Turn the heat to low and add the slurry liquid – remember to stir the slurry again before adding to combine any of the cornstarch that has settled out. Add the Worcestershire sauce and cook until the gravy has thickened.
Add the Salisbury Steaks and any of the liquid that has accumulated on the plate to the gravy and simmer until the steaks have been heated through.
More Classic And Hearty Beef Recipes
- Perfectly Cooked Cube Steak
- Ground Beef and Rice Skillet
- Oxtail Soup
- Delicious Classic Pot Roast
- Chimichurri Steak
- Bacon-Wrapped Filet Mignon
- Simple But Decadent Wagyu Beef Burgers
Salisbury Steak Recipe
- Prep Time: 15 minutes
- Cook Time: 25 minutes
- Total Time: 40 minutes
- Yield: 4 servings 1x
- Category: Entrée
- Method: Stovetop
- Cuisine: American
Juicy, beefy patties served in a rich, savory mushroom and onion gravy, Salisbury Steak is an American classic perfect for a stick-to-your-ribs weeknight meal.
Listen to learn how to make this recipe, along with some great tips from Christine:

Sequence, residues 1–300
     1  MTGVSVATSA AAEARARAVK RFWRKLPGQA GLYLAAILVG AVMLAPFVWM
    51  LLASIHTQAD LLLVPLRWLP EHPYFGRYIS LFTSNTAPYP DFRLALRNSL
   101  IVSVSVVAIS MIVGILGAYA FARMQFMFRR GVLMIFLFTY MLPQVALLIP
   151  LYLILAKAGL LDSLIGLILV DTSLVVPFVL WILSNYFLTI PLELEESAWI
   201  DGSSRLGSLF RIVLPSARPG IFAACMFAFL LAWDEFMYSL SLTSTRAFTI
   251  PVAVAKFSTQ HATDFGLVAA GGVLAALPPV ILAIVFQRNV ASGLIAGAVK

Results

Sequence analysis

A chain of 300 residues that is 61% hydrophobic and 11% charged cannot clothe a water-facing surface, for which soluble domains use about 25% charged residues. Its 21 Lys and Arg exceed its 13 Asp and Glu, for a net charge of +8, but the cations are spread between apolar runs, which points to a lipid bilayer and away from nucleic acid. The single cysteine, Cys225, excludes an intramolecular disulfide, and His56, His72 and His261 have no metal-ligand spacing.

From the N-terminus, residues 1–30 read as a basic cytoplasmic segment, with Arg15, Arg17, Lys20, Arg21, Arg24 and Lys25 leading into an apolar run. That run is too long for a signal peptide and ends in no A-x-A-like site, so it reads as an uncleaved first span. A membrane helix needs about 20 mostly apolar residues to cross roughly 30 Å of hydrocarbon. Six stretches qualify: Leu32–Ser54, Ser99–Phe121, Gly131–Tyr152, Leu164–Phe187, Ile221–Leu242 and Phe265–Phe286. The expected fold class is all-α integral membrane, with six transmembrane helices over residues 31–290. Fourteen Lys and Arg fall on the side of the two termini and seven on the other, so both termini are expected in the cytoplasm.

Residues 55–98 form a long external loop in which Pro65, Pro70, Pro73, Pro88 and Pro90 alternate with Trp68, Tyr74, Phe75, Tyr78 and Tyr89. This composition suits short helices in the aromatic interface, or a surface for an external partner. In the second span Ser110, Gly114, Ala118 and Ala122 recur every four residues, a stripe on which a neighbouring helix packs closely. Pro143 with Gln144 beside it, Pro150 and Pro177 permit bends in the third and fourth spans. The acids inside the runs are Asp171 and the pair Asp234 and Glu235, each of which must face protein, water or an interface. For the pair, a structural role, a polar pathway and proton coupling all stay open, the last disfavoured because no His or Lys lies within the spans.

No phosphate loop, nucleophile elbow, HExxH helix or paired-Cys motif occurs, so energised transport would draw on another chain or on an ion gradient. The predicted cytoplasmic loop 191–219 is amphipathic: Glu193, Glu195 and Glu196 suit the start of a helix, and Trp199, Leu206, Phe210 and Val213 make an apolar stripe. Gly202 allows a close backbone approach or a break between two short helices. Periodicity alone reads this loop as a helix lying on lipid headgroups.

2 slices fresh bread cut into 1/2-inch cubes, about 1 1/2 cup unpacked
1/4 cup buttermilk*
2 cups beef broth
2 Tbsp. cornstarch
1 and 1/2 tsp. Worcestershire sauce, divided
- 1 Tbsp. ketchup
2 tsp. yellow mustard
1 cube beef bouillon, crumbled**
- 1 tsp. salt, divided
1 tsp. pepper, divided
1 tsp. garlic powder, divided
1 lb. lean ground beef
- 1 Tbsp. vegetable oil
1 yellow onion, thinly sliced
6 oz. mushrooms, sliced
1 Tbsp. butter
In a large bowl combine the bread and buttermilk. Soak for 5 minutes.
While the bread is soaking, combine beef broth, cornstarch, and 1/2 teaspoon of the Worcestershire in a measuring cup or medium bowl, stirring to create a smooth, lump-free slurry. Set aside.
Then, mash the bread with the back of a spoon to break it into small wet crumbles.